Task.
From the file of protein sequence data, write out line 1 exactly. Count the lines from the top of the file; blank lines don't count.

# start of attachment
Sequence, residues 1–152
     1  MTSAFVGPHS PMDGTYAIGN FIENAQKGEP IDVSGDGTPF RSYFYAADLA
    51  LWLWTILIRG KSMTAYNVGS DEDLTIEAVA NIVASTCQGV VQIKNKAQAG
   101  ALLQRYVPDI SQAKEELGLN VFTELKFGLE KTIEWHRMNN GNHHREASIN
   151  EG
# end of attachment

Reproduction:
Sequence, residues 1–152